News
26 May 2016

Court of Appeal closes the door on workplace claim

Court of Appeal closes the door on workplace claim

Bryan Patterson-Whitaker considers the recent case of Cruz v Chief Constable of Lancashire & Anor [2016] EWCA Civ 402.

The Claimant was a civilian police worker responsible for escorting a drunken prisoner to her cell. Unusually the cell door had not been left fully open. In the course of manoeuvring around the door the prisoner fell to the ground landing heavily on the Claimant’s arm.

The Claimant’s case was that because the cell door was not flush with the wall, the corridor was not maintained in an efficient state and constituted a breach of regulation 5 of the Workplace (Health, Safety and Welfare) Regulations 1992. The judge at first instance rejected the claim on the basis that the partially open door presented no foreseeable risk of injury to the appellant and that it could not therefore be said that the corridor was not maintained in an efficient state. In addition, the judge found that an open door in good working order could be moved aside. It did not therefore constitute a breach of the regulation 17 requirement that traffic routes in a workplace should be suitable for their users.

The Claimant appealed on the basis that the judge had failed to attach appropriate weight to the usual practice of leaving empty cell doors open so as to reduce the risk of hazards.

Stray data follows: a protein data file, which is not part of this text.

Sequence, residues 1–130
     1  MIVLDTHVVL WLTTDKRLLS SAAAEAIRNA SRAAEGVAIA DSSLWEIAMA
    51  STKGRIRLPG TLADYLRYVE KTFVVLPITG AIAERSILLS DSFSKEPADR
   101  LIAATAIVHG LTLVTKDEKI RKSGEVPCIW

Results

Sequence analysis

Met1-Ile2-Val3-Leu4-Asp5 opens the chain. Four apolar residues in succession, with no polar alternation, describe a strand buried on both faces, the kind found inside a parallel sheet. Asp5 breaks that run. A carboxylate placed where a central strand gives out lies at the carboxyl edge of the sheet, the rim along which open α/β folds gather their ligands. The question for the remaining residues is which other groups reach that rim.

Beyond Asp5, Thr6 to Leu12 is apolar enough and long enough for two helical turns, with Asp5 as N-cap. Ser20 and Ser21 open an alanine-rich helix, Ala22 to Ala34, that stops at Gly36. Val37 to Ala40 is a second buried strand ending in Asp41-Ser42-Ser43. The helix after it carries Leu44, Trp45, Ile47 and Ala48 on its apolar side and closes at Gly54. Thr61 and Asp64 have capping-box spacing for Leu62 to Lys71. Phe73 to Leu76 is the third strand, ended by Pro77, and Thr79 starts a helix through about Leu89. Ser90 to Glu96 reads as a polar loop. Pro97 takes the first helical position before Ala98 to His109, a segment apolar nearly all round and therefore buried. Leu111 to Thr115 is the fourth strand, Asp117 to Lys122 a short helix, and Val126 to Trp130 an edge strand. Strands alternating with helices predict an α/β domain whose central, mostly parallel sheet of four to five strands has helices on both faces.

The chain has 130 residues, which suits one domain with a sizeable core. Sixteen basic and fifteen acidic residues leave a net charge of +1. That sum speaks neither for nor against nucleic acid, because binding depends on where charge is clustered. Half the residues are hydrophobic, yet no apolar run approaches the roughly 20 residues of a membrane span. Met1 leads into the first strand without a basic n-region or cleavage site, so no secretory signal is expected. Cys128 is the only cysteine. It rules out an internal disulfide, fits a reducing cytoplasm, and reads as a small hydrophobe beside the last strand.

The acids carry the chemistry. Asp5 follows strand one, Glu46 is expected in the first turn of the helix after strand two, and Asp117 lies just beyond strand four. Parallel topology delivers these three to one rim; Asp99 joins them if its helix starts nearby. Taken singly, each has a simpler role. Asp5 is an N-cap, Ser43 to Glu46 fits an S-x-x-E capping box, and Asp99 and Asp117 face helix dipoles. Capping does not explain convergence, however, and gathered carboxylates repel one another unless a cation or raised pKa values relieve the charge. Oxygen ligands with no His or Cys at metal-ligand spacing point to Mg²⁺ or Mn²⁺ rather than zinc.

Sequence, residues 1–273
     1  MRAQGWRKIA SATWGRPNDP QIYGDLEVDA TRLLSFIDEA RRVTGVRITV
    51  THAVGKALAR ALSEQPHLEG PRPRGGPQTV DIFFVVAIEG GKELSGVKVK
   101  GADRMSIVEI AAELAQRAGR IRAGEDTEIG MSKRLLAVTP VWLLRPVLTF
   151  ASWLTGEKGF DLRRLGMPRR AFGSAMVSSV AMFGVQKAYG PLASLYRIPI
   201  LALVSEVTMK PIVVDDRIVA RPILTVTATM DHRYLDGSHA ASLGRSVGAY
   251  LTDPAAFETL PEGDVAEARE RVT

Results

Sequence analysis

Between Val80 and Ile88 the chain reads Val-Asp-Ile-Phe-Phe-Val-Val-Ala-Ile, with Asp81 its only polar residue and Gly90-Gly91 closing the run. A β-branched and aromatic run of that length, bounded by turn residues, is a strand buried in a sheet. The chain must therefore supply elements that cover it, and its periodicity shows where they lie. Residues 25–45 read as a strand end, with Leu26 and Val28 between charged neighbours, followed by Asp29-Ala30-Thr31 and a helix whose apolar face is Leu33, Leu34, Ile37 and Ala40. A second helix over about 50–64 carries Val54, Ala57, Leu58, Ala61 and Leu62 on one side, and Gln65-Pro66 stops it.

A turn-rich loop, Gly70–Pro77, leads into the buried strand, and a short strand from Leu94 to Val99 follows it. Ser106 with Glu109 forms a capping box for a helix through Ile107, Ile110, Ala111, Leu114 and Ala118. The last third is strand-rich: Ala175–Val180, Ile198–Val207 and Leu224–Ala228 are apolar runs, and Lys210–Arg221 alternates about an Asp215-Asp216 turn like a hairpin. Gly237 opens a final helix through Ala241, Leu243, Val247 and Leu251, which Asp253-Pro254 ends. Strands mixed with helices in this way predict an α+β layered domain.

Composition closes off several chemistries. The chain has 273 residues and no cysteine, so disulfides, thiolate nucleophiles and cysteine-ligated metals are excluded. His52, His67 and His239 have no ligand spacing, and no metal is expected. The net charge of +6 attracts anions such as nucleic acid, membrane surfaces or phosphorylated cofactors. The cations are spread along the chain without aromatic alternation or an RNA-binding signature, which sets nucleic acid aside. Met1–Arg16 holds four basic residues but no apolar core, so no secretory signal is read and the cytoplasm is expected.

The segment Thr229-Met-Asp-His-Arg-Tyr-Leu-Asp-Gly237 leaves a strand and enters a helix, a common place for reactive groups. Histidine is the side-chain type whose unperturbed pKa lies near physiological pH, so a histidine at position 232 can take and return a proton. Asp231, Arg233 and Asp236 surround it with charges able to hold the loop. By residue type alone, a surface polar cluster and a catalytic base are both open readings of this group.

In dismissing the appeal, the Court of Appeal held that there had to be a degree of realism when assessing whether a particular risk presented a foreseeable risk of injury. Although the risk did not have to approach a probability, it nevertheless had to be real or material. The evidence suggested that a partially open cell door could lead to a modest delay, presenting an enhanced risk to a drunk and disorderly prisoner. However, to breach regulation 5, the risk had to be directed to the worker. There was no evidence that the partially open door had been identified as a risk to the custody officers over and above that inevitably associated with their job. The first instance judge’s decision was not only well within the ambit of reasonable decision-making, it was obviously correct.

The Court further held that, in accepting the judge’s conclusion as to regulation 17, the Claimant’s argument on regulation 5 was irreparably wounded. If a partially open door did not render a corridor unsuitable for traffic, it could not mean that the corridor was not maintained to the standard required by regulation 5.